Immigration SB 1070 Author, Opponents Spar Ahead of Supreme Court Hearing

DREAMers delivering petitions to ICE in 2010. From L-R, Matias Ramos, Tania Unzueta, and Dulce Matuz. (Photo Via America’s Voice/flickr)

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Rosa Maria Soto watched with emotion as Senator Dick Durbin (D-IL) held up the picture of her daughter to an audience of mostly journalists at a sub-committee hearing on the impact of immigration laws such as SB 1070 on Tuesday in Washington.

Soto’s daughter, Dulce Matuz, was named one of Time Magazine’s 100 Most Influential People this year. She is also an undocumented immigrant from Arizona who graduated with a Master’s degree in engineering.

“I think this recognition comes with a lot of responsibility for everyone to work harder and not to allow anti-immigrant laws like SB 1070 to escalate the way it did in Arizona,” said Matuz as she was getting ready to be part of a Time Magazine 100 gala in New York. “It’s giving us a platform to continue to fight for immigrant youth and continue to fight for the DREAM Act.”

On the eve of a Supreme Court hearing on the constitutionality of SB 1070, a law that made it a state crime to be an undocumented immigrant in Arizona, Sen. Durbin turned attention towards the youth caught in the crosshairs of this legislation.

Arizona Governor Jan Brewer signed SB 1070 into law on April 23, 2010. U.S District judge Susan Bolton blocked essential parts of the law, and that decision was later upheld by a panel of federal judges in the U.S. Court of Appeals for the Ninth Circuit.

Brewer appealed that decision to the Supreme Court which will consider only four portions of the law and whether or not they exceed the state’s power to act when it comes to immigration. These provisions include the requirement for police to mandatorily detain someone if they suspect the person is in the country illegally, criminal penalties for seeking work while being in the state without documents, and the ability to arrest someone without a warrant if the person could be deported.

Durbin is a co-sponsor of the DREAM Act, a federal bill that would allow undocumented students to legalize their status by continuing their education or enrolling in the military. The bill, though gaining momentum, did not pass the Senate in 2010 and hasn’t been reintroduced yet this year.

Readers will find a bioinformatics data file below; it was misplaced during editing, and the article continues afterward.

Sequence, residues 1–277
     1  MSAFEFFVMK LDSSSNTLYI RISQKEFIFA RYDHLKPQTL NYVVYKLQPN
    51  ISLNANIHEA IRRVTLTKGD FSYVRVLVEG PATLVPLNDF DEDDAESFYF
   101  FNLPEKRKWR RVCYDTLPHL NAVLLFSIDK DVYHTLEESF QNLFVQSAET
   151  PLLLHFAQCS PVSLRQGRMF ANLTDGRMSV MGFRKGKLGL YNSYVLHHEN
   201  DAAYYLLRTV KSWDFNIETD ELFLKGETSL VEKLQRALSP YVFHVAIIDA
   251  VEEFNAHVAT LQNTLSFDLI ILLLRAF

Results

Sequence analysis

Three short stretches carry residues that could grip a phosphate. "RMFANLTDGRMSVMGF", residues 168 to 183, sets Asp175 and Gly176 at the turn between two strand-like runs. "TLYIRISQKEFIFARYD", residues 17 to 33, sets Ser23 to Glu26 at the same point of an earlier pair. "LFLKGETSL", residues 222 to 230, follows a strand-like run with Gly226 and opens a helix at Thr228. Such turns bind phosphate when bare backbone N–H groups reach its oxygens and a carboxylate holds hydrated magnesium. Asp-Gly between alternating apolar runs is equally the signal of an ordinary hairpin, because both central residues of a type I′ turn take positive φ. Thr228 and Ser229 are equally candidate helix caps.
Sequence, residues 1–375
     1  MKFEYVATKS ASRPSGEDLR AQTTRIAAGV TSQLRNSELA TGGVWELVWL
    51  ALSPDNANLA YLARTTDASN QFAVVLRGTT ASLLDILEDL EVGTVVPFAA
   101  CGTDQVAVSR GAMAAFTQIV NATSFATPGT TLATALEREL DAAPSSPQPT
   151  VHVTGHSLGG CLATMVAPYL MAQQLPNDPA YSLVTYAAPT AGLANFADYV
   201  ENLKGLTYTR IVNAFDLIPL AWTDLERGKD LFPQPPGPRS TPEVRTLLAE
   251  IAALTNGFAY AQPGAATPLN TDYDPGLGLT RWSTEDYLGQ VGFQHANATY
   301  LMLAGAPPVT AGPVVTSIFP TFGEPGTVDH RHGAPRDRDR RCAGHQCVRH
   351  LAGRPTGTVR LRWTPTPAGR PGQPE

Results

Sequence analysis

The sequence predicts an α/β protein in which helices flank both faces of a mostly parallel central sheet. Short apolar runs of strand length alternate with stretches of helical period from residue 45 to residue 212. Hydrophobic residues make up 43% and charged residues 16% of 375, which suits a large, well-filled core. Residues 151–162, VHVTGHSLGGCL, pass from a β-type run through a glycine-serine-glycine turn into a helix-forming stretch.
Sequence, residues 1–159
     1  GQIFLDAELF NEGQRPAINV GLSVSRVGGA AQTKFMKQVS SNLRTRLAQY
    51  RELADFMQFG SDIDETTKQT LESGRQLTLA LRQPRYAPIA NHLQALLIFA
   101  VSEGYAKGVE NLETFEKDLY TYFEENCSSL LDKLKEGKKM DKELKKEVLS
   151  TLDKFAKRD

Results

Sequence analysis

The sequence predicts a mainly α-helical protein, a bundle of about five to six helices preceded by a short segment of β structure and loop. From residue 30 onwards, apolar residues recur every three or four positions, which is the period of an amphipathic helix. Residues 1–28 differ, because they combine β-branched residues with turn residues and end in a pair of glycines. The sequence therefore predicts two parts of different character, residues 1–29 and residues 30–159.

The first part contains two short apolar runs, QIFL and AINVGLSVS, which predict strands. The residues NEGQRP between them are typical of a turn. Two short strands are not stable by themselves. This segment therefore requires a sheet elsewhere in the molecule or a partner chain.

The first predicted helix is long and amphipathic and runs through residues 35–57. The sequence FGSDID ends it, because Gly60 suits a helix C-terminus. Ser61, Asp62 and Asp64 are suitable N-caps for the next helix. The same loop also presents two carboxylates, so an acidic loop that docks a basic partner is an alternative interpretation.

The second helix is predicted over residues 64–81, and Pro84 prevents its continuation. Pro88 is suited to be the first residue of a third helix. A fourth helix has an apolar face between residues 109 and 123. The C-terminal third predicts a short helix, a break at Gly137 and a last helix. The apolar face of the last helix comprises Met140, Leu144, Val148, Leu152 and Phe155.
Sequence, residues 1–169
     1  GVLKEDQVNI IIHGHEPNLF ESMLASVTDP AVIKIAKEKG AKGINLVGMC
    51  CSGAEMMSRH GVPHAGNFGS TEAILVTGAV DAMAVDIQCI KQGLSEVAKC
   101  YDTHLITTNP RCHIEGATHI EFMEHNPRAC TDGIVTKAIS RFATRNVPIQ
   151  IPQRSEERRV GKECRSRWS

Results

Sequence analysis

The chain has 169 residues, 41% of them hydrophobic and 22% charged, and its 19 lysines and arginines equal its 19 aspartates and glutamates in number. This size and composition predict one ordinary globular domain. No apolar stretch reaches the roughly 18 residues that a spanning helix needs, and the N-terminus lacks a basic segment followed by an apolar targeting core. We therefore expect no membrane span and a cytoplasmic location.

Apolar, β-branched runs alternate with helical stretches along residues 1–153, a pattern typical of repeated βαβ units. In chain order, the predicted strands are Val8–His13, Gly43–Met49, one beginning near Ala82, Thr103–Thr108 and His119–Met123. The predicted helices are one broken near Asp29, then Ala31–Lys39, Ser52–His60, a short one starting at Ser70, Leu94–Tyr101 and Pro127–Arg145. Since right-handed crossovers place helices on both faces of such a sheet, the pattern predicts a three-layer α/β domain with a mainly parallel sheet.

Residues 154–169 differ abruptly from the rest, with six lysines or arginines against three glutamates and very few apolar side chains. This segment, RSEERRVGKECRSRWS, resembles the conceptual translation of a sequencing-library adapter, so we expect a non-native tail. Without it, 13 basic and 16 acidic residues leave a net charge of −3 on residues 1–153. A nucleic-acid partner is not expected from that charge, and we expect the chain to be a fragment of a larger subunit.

During the Senate Committee on the Judiciary Subcommittee on Immigration, Refugees and Border Security hearing, Durbin confronted the author of SB 1070, former Arizona State Senator Russell Pearce with pictures of educated undocumented youth.

“You would say that because the parent didn’t file papers now the child has to suffer?” Durbin said at the hearing. But Pearce defended the law, and called  the DREAM Act “a blanket amnesty.”

“My heart goes out to [parents], blame those who put them in that position,” said Pearce after the hearing. “I can’t change that, the laws must be enforced.”

Pearce recognized SB 1070 could result in the arrests of people such as Matuz, but argued “that states have no ability to set the conditions for coming here or remaining here, that’s a federal purview.”

The witness list at the hearing included former U.S. Senator Dennis DeConcini (D-AZ), Senator Steve Gallardo (D-AZ), as well as businessman Todd Landfried, the executive director of Arizona Employers for Immigration Reform.

“I’m embarrassed about my state, I apologize for Arizona’s actions towards Latinos, legal or illegal,” said DeConcini. “This is not a way to treat people.”

Pearce was the only witness who spoke in favor of SB 1070. Arizona Governor Jan Brewer turned down an invitation to be part of the hearing.

Senator Charles Schumer (D-NY) who presided over the hearing said that if the Supreme Court didn’t find SB 1070 unconstitutional he would introduce legislation to prevent states from imposing their own civil and criminal penalties on immigration issues.

“There’s so many injustices that not everyone sees, but if the justices saw that, they’ll stop the law immediately,” said Soto, after the hearing where her daughter was used as an example.

She is also worried that if SB 1070 goes fully into effect chaos will be unleashed in Arizona’s immigrant community and people will leave Arizona. According to a report from the Center for American Progress, about 100,000 people left the state after SB 1070’s passage and the state suffered the economic loss of $141 million due to a national boycott that drove away conventions,.

“It will be a loss for the United States, once again the economy will go down. I don’t know how many years need to go by till the authorities will realize the country is down and can progress,” Soto said.

Feet in Two Worlds is supported by the John S. and James L. Knight Foundation, the New York Community Trust, the Ralph E. Ogden Foundation and the Sirus Fund.  Fi2W podcasts are supported in part by WNYC, New York Public Radio and the CUNY Graduate School of Journalism.

AboutValeria Fernández
Valeria Fernández is an independent journalist from Uruguay with more than a 14 years experience as a bilingual documentary producer and reporter on Arizona’s immigrant community and the US-Mexico borderlands. She co-directed and produced "Two Americans,” a documentary that parallels the stories of Sheriff Joe Arpaio and a 9-year-old U.S. citizen whose parents were arrested by the sheriff’s deputies that aired in Al Jazeera America. Her work as reporter for the Arizona Center for Investigative Reporting on the economic and social impacts of a mine spill in Northern Mexico broadcast in PBS, San Diego and won an Arizona Press Club recognition for environmental reporting in 2016. She freelances for a number of print, digital and broadcast media outlets, including Feet in 2 Worlds, CNN Español, Radio Bilingue, PRI's Global Nation, Al Jazeera, and Discovery Spanish.